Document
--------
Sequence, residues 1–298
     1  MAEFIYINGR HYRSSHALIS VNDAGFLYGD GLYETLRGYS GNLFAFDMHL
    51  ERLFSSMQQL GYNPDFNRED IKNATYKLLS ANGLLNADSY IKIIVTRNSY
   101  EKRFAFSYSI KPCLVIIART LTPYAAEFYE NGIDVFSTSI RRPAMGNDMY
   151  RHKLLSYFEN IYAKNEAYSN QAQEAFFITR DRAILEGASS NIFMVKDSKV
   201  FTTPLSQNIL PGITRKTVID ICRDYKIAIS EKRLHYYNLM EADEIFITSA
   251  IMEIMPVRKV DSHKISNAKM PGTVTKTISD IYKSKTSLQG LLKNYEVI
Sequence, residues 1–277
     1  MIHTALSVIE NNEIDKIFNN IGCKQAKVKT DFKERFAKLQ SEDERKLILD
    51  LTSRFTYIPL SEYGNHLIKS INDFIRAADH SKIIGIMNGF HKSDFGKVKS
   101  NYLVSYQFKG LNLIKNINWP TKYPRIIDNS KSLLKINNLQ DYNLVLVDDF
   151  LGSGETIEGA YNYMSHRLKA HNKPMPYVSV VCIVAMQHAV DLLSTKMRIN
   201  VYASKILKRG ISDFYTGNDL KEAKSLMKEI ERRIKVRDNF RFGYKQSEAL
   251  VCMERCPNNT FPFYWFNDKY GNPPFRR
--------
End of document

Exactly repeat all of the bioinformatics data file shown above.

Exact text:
Sequence, residues 1–298
     1  MAEFIYINGR HYRSSHALIS VNDAGFLYGD GLYETLRGYS GNLFAFDMHL
    51  ERLFSSMQQL GYNPDFNRED IKNATYKLLS ANGLLNADSY IKIIVTRNSY
   101  EKRFAFSYSI KPCLVIIART LTPYAAEFYE NGIDVFSTSI RRPAMGNDMY
   151  RHKLLSYFEN IYAKNEAYSN QAQEAFFITR DRAILEGASS NIFMVKDSKV
   201  FTTPLSQNIL PGITRKTVID ICRDYKIAIS EKRLHYYNLM EADEIFITSA
   251  IMEIMPVRKV DSHKISNAKM PGTVTKTISD IYKSKTSLQG LLKNYEVI
Sequence, residues 1–277
     1  MIHTALSVIE NNEIDKIFNN IGCKQAKVKT DFKERFAKLQ SEDERKLILD
    51  LTSRFTYIPL SEYGNHLIKS INDFIRAADH SKIIGIMNGF HKSDFGKVKS
   101  NYLVSYQFKG LNLIKNINWP TKYPRIIDNS KSLLKINNLQ DYNLVLVDDF
   151  LGSGETIEGA YNYMSHRLKA HNKPMPYVSV VCIVAMQHAV DLLSTKMRIN
   201  VYASKILKRG ISDFYTGNDL KEAKSLMKEI ERRIKVRDNF RFGYKQSEAL
   251  VCMERCPNNT FPFYWFNDKY GNPPFRR